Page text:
There was a rush by the kids, when the bus doors opened up, to shove onto the bus while pushing past elderly people to grab whatever seats were not yet occupied. This is unacceptable. I don’t care how tired you, as a kid might be after getting up early enough to get to class, ALWAYS give your seat to an older person. I had to shout at several kids who took up several seats that left older people, some with packages in their arms, standing as the bus took off.
Maybe I was a bit too loud, or maybe these kids thought I was nuts, but I told them to, in Hebrew loud enough to be heard over the engine, “Takumu!” (Get up!). They looked at me sideways as though they had been hit with a broomstick, but I asked them ” Would you let your grandmother stand on a moving bus with her arms full of goods?” Two of them got up and gave their seats to the older folks.
Also, there was a soldier, obviously on her way home from spending time, G-d knows where and doing whatever she had to to keep the rest of us safe in our homes. Mostly these young uniformed kids, yes, I write kids because they are, perhaps, only 4 or 5 years older than these pre-teens. More often than not, these IDF warriors are laden down with duffle bags full of their dirty uniforms ready for a good laundering, dog tired after performing their duties and shouldering a weapon and ammunition. which, believe me, don’t lighten their load. ALWAYS give, or at least offer, your seat to a soldier. I have seen older folks get up to give their place to a returning military individual. Kids MUST do the same, ALWAYS.
Manners are important, more so for children to practice them and for parents to teach them. Maybe I am just an old fogey ( better expression than “old fart”) but there are actions that are always more acceptable than others. Our Israeli kids should hold doors open for women with children in tow, have respect for their elders and, even though treated with great privilege, know that one day, they will be older and demand the courtesy and respect that they need to demonstrate now.
No, I am not angry, I am only aware of the burden on these youngsters, but that does not excuse poor behavior. These students of 12 or 14 will wear a uniform one day and risk their very lives to keep us all safe. They will sacrifice a few of their precious years, putting off studies and careers, which their peers in other lands, will pursue. We all owe them a debt of gratitude that goes beyond fulfillment.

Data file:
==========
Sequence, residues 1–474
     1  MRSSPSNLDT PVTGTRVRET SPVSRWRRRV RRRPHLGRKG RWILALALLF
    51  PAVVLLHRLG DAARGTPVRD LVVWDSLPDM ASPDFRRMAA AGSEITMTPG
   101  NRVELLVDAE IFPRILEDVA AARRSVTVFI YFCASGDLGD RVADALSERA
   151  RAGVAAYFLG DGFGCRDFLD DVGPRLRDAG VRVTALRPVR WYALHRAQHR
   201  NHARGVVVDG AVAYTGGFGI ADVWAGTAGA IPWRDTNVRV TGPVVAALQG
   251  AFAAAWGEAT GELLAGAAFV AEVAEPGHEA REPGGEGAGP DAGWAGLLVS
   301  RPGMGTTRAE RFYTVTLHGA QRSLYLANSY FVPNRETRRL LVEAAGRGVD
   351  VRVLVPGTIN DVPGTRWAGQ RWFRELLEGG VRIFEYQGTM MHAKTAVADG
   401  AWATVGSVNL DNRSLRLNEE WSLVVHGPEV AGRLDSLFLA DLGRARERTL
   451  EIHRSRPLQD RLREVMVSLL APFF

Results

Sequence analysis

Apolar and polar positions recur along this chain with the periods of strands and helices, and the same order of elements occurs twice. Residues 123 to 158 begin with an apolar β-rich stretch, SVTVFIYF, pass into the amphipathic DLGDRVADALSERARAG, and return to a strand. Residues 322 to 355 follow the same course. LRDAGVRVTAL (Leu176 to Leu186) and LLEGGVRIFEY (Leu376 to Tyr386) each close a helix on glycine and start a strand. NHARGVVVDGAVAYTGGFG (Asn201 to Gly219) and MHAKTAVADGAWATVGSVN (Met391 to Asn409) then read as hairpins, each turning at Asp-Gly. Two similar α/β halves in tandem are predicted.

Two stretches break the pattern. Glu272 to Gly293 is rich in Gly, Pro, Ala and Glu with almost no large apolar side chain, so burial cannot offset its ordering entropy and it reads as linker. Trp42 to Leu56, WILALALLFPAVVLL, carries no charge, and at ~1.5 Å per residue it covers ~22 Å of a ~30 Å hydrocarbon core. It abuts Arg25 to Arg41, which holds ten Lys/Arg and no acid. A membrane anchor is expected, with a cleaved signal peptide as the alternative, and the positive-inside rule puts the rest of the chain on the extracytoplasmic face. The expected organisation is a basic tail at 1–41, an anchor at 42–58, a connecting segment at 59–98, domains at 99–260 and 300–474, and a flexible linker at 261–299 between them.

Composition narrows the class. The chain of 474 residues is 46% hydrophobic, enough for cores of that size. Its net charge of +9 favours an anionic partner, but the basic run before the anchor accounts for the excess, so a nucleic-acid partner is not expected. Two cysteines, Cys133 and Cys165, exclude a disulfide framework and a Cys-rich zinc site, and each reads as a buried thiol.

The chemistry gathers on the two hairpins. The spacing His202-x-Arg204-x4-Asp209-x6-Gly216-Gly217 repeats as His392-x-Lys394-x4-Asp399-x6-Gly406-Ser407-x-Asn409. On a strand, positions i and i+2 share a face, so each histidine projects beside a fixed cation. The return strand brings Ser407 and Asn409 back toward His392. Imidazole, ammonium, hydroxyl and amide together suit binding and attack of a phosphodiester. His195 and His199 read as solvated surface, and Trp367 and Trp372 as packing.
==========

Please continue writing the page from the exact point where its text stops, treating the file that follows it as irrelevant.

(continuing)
No, I did not have a seat on this bus, I stood all the way home as, you see, there were folks even older than me to whom I gave my seat. That is just the way I was taught so many years ago. Old traits, like calling adults “sir” and “madam” unless I had permission to call them by their names. I suppose some of these habits fall by the wayside in time. I know Israeli kids often call their teachers by their first names, but I, for the life of me, cannot picture calling my third grade teacher, Mrs Sucher, by “Augusta.”
Perhaps if we lived in a quieter, less hectic, and less dangerous neighborhood, much more of the finer points of etiquette would apply, but we don’t. That doesn’t excuse brashness, foul behavior and disrespect for our elders, but it does forgive quite a lot of what my generation would deem absolutely necessary manners and deportment.
Look, riding on a crowded bus anywhere is not the most pleasant of experiences, especially when one is in a rush, busy, or burdened with numerous shopping bags. Thank G-d, and the Merkavim bus factories, for installing decent air conditioning and computer voices and signs designating the next stops. Good manners by everyone helps.
So, when one doesn’t have a car, the bus becomes a necessary conveyance and the ride need not be too burdensome. It’s always nice sitting next to a friend, or just striking up a conversation with the yenta sitting beside you. We are all connected, one to the other in many ways. As Jews, Israelis and we are not “settlers.” We are home, even on a crowded, noisy bus in Maaleh Adumim in our tiny Jewish country.